While all these discoveries were of interest to neurologists, they had but a few clinical applications. The neurophysiological brain really only became clinically important with the advent of neurodiagnostics, including electroencephalography and electromyography. Edgar Douglas Adrian was perhaps the most important force behind the development of clinical neurophysiology. In 1935, he showed that information was transferred between neurons via trains of electrical activity, which varied in frequency based on the intensity of the stimulus. As he uncovered more and more rules of neuronal transmission, Adrian also became interested in psychiatrist Hans Berger’s claim that one could record the electrical activity of neurons using electrodes placed on the scalp. His interest was so great that he set out, over the next decade, to prove that neurons formed the basis of electroencephalography.68 This marked the advent of electrophysiology and was nothing short of revolutionary for clinical neurology. Gibbs, Davis and Lennox would first describe the spike-and-wave pattern seen in absence seizures, while Denny-Brown and Pennybacker, inspired by these results, would go on to describe fibrillation potentials using the new electromyography technique. With neurodiagnostics, the neuron doctrine and the physiologic brain finally had clinical relevance. EMG, EEG and continue to spark advances in neuroscience and neurology to this day.
In essence, the two hundred years extending from the 1660s to the 1930s represent one continuous, slow paradigm shift. From an inanimate, physical entity inhabited by an immortal soul, the brain became an organ with a physiology that could be understood. However, unlike other organs, we saw the emergence of two different brains: the neuroanatomical brain, the result of cortical localization and the anatomo-clinical approach, and the neurophysiological brain, the result of the neuron doctrine and neurodiagnostics. Of course, the two brains were not mutually exclusive entities. After all, electrophysiology, whose very existence depends on neurons, was used by Penfield to map the motor cortex 69. However, it is the function, the what, that is interesting to localizationists.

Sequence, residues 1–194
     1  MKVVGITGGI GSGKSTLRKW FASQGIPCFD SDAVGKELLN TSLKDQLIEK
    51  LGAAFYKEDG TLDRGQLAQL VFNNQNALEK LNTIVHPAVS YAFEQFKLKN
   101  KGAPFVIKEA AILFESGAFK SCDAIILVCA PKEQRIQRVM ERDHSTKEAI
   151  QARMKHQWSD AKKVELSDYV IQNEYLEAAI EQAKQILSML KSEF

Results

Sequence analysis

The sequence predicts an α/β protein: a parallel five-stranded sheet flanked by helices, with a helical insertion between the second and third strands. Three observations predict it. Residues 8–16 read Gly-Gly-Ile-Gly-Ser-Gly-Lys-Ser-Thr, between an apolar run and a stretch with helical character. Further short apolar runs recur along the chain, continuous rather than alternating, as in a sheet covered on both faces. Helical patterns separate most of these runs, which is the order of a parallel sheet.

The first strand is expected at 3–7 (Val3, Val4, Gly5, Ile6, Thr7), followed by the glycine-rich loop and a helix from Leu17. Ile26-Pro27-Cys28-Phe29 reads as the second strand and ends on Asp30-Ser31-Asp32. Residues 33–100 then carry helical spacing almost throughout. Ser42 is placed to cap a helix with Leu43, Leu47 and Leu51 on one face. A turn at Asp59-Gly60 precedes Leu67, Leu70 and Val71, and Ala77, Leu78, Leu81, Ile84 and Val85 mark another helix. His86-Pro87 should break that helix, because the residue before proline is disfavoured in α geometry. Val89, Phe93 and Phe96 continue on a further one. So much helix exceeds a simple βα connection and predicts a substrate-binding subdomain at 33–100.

The how, the functioning, is another question altogether, one that is best answered by studying neuronal interactions. Therefore, if applications in neurophysiology were useful to functional anatomists, these two visions still represent two very different levels of understanding, two models whose functional unit differs in scale and whose scientific question differs in nature. Unlike Thomas Kuhn’s concept of scientific paradigms, the advent of neurophysiological brain did not, by any means, mark the demise of the neuroanatomical brain. Both scientific programmes, to use Lakatos’ epistemology, are empirical, successfully anticipate the result of pathological alterations and are not mutually exclusive. Rather, they evolve as parallel entities, mutually benefiting and enabling each other, as exemplified by Penfield’s discovery of the motor homunculus, but fundamentally differing in their scientific question. Akin to the Feyerabendian idea that there is no single scientific method, they both contribute to the modern understanding of the brain, and of neurological disorders.
Nowadays, with behavioral and cognitive neuroscience, functional neuroanatomy, cellular and molecular neurophysiology and neural networks, the challenge will be to bridge these various levels of understanding. Just like electrophysiology was able to link the neuron doctrine to functional anatomy, neuroscientists will need to emulate Penfield by moving from description to integration, a task that is both difficult and essential.
"If it seems to neurologists today that our present understanding of the brain and the mind of man is hardly more than a beginning of science, it may be reassuring to recall that our task is the ultimate one. The problem of neurology is to understand man himself […]. This may be the most difficult, and surely it is the most important, task of all.”70
Wilder Penfield, MD
I want to thank Dr. Thomas Schlich for his review of the various editions of the manuscript and the Osler Library of the History of Medicine for their technical assistance in finding primary sources. I also want to thank the McGill Journal of Medicine Editors for their thoughtful comments.